John Ritenbaugh, re-iterating that internal evidence substantiates the high probability that the Apostle Paul authored the Book of Hebrews, stresses that Christ's ultimate goal is to bring the entire creation under the Father's subjection when God will be all in all. The recipients of the book of Hebrews consisted of converts from Judaism suffering estrangement from family and community, excommunicated from the temple. The etymology of Hebrew denotes someone who has "crossed over" a boundary (such as a river) and by extension connotes moving from one idea cluster to another (such as carnal to spiritual- requiring living tenaciously by faith), as demonstrated by our Patriarch Abraham. The intended audience of Hebrews was not exclusively descendants of Judah, but those who were called by God the Father into the Israel of God (Galatians 6:16) which would include a large influx of gentiles. Because the Israel of God has departed from cultural expectations from both Jewish and Gentile communities, they suffer intense persecution. The Jerusalem Church, the headquarters congregation, had to meld the gentile and Hebrew elements together, deciding whether things like circumcision were still mandatory. The solution was to concentrate on the things Christ taught by example to the Apostles, granting the ability to apply God's law in gray areas as well as clear black and white distinctions. The New Covenant requirements outlined by Christ demanded that God's Called-out -ones must learn to worship in "spirit and truth" without the 'security' of a brick and mortar temple. The sacrificial system of the Old Covenant has not been done away but will re-instated during the Millennium for those who failed to learn its purpose the first time around. For God's called-out ones, the sacrificial system has certainly not been done away, but requires a living sacrifice of lifetime service, yielding to Christ's words and example.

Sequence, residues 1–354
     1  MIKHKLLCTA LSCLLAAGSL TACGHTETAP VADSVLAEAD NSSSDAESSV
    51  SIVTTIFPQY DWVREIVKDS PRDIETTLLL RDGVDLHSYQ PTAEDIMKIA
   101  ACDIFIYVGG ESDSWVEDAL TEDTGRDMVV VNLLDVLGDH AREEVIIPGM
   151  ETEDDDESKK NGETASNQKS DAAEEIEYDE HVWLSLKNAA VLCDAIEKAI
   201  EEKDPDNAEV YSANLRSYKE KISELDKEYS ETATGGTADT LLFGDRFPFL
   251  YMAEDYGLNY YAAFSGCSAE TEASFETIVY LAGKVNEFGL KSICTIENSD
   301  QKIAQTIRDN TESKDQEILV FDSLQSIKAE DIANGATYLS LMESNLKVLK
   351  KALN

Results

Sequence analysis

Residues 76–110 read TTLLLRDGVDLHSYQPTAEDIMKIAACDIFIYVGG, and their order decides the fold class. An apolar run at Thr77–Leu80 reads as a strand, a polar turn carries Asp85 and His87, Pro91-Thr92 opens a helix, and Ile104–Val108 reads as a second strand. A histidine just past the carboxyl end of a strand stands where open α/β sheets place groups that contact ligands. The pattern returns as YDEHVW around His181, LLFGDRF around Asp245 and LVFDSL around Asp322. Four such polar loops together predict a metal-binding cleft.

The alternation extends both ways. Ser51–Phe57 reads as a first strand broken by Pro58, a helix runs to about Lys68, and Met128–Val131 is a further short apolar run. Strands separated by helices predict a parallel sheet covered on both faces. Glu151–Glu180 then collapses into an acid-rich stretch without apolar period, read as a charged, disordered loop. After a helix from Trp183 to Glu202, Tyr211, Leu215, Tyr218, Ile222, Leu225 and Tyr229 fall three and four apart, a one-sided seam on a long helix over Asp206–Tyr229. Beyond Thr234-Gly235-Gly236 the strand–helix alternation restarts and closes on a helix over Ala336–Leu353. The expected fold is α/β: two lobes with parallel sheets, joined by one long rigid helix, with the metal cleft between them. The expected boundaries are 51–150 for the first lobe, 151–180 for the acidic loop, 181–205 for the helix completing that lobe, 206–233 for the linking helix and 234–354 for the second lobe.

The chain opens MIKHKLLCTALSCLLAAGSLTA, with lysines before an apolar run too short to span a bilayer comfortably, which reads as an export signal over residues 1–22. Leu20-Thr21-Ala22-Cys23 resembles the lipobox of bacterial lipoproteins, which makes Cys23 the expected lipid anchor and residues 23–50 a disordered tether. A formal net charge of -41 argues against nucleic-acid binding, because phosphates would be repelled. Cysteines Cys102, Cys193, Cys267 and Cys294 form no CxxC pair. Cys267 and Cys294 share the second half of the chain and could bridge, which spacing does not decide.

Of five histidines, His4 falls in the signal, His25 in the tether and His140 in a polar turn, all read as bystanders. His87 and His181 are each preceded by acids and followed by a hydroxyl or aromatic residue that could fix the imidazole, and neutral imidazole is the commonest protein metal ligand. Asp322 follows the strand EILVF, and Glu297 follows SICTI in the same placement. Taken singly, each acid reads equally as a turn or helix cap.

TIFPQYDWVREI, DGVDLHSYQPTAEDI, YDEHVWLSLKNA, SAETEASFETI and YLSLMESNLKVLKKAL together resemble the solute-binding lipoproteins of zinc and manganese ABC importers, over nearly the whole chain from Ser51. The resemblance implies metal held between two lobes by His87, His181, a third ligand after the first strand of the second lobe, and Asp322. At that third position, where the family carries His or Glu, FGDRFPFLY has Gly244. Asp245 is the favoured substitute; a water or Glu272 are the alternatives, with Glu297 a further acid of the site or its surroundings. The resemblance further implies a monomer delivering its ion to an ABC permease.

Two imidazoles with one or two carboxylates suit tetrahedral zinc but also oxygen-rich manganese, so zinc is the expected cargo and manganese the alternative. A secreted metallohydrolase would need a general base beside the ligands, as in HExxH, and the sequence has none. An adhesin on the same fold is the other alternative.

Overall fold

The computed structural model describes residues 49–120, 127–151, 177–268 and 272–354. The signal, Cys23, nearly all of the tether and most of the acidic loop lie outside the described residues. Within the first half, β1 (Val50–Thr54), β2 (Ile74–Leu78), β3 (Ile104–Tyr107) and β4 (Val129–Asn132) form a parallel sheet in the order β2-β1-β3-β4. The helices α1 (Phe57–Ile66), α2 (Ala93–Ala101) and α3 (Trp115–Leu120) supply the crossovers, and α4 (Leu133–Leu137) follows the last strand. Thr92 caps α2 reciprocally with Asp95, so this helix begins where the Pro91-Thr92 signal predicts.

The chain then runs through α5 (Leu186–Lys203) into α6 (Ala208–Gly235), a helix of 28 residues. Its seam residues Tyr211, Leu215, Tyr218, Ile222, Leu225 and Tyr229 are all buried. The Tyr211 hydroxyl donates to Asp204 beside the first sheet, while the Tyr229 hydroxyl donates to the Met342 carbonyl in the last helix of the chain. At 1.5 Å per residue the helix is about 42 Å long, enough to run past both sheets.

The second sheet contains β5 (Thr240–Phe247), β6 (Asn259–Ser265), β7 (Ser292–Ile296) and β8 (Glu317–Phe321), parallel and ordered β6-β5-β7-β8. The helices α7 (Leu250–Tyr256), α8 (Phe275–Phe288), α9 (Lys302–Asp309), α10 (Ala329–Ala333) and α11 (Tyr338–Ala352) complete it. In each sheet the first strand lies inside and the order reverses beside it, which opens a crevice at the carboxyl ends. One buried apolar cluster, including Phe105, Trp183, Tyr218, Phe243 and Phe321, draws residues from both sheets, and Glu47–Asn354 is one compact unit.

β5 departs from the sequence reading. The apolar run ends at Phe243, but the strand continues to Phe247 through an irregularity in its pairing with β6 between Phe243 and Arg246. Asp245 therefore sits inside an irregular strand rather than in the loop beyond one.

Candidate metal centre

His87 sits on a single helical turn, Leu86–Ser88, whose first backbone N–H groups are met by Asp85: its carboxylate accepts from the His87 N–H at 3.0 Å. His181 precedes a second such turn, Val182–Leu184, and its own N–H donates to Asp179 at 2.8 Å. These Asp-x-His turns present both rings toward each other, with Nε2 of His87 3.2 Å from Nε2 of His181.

John Ritenbaugh submits that the Book of Hebrews is crucial for understanding that our relationship to Christ as our Savior, High Priest, and King is the key to salvation. As our High Priest, Jesus has qualified to intercede on behalf of those the Father has called, preparing them to be at one with God the Father, to the end that we will be all-in-all under God's dominion when we are all transformed into His image. In His current role as High Priest, He is metaphorically filling out His body; As He is the head, we are individual parts in His body. In another metaphor, Christ the Bridegroom loves us as His Bride, cleansing us with His word to be at one with Him, as husband and become one flesh. The Father has granted Jesus Christ all authority over His Creation and given Him all the tools necessary to sanctify His called-out ones. In Hebrews, we learn that nothing is so important as developing an intimate relationship with Jesus Christ. God calls and works with His people as individuals. The Book of Hebrews establishes (1) the superiority of Christ—indicating He is the communicator with whom we should establish a relationship, (2) the superiority of the New Covenant, and (3) the superiority of Christ's Church. The lesson to the disciples who experienced the Transfiguration, and the lesson to us now, is that we should listen to Christ, to the end that He will show us the way to the Father and prepare us for our ultimate transformation into members of God's family.